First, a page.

Acetabular labrum surgery of the hip

What is the hip acetabular labrum?

The acetabular labrum is a cartilaginous ring encircling the opening of the acetabulum, the socket-like cavity in the pelvis into which the head of the femur bone inserts to form the hip joint. Also known as the glenoid labrum of the hip joint, it is the ligament that holds these two bony surfaces together. Like any ligament, it is made up of dense, fibrous tissue strong enough to prevent the bones it connects from separating. The labrum also adds to the depth of the hip socket, which helps prevent subluxation or dislocation of the thigh bone from the pelvis.

What is a labral tear?

A labral tear is damage to this cartilage and tissue in the hip socket. In some cases, it causes no symptoms. In other cases in can cause pain in the groin. It can make you feel like your leg is ‘catching’ or ‘clicking’ in the socket as you move it. Over time, labral tears in the hip may cause permanent damage to the joint.

How is it investigated?

Traditional investigations such as x-rays, CT scans, Ultrasound or even MRI are notoriously bad at diagnosing acetabular labral tears. The best way to confirm the presence of a clinically suspected tear is to have an MR-arthrogram, which is an MRI scan combined with injecting the hip joint with a special dye- this has a diagnostic accuracy of about 90%.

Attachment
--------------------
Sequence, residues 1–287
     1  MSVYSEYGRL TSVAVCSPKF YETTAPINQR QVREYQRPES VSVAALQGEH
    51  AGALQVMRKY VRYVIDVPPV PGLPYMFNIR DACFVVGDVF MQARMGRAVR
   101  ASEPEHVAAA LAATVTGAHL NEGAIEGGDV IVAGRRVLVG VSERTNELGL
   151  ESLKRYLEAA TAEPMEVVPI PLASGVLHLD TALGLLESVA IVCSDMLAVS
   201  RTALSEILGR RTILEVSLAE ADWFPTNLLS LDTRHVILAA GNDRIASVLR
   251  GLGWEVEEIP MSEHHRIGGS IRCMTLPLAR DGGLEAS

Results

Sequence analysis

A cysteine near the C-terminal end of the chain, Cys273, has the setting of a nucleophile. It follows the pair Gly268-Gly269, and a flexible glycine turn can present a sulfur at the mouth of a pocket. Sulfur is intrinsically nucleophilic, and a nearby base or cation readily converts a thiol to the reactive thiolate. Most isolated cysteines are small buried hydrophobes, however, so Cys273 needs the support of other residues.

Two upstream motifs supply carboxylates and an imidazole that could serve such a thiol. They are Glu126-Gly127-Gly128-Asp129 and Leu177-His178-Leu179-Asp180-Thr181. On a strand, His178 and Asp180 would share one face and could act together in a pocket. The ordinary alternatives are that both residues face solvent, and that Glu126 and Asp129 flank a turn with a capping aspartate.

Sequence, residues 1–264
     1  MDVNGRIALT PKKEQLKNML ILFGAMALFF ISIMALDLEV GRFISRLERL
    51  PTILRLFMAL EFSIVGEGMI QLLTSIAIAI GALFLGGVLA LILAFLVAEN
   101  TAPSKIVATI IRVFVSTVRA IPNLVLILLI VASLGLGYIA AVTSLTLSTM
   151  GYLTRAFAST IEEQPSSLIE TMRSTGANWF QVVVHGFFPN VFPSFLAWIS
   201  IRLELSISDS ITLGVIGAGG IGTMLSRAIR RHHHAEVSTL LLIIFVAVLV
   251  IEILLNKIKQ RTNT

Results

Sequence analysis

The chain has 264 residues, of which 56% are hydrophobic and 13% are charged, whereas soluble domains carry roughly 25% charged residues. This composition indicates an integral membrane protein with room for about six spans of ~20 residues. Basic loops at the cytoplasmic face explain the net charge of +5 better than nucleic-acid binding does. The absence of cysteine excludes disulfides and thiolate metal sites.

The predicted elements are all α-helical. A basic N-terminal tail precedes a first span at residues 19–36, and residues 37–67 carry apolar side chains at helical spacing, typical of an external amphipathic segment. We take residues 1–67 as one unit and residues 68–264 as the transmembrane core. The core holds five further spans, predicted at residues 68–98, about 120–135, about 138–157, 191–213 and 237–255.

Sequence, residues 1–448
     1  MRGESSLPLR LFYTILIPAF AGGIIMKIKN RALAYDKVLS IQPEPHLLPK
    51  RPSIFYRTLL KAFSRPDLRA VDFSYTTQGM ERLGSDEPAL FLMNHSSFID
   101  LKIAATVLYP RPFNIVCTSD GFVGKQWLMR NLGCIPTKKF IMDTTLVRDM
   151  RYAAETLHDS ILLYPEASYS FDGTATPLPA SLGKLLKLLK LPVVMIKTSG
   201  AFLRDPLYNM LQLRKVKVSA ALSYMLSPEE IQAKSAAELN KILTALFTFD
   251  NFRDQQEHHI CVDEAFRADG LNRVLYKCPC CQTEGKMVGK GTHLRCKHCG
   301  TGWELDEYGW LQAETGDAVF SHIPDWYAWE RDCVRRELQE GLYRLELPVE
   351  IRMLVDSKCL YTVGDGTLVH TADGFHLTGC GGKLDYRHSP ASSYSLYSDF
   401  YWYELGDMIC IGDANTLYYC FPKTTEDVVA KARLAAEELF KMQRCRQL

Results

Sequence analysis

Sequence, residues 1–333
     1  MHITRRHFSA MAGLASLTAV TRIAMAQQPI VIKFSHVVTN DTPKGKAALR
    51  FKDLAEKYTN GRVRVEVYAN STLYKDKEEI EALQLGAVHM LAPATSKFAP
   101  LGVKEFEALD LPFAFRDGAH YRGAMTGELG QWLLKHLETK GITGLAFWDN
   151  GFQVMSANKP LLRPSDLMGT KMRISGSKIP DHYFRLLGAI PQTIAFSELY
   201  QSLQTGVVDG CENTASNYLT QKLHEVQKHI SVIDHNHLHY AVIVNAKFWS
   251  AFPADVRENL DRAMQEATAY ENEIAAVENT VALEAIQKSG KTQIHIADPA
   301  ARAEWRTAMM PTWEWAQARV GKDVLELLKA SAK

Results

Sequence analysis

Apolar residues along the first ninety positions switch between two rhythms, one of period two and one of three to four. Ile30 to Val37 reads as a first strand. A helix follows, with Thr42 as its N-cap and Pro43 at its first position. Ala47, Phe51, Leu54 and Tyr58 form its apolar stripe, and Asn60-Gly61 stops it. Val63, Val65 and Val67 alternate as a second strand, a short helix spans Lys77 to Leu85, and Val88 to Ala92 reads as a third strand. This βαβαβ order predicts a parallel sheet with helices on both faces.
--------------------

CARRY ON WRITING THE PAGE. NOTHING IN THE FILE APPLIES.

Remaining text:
Why does it tear?

The labrum can tear for many reasons. Some people can get a torn labrum from falls or car accidents. Sports that require lot of hip rotation, like golf, football and hockey can increase the risk. However, almost 75% of cases have no known direct cause. Instead, these tears may develop gradually. Labral tears in the hip have been linked to osteoarthritis and are more common in women than men.

How can it be repaired?

A torn acetabular labrum can be repaired by surgical reshaping of the hip. In some cases this procedure can be performed through just a small incision (arthroscopically), so your joint doesn’t have to be opened up. This is also known as keyhole surgery, and can be done as a day case or one-night stay in hospital.

How do I recover from surgery?

Following your surgery you will taught how to use crutches and will remain on these for 4-5 days. Physiotherapy will help you regain your full range of movement, increase your muscle strength, improve your balance and return you to sports and hobbies that you enjoy.

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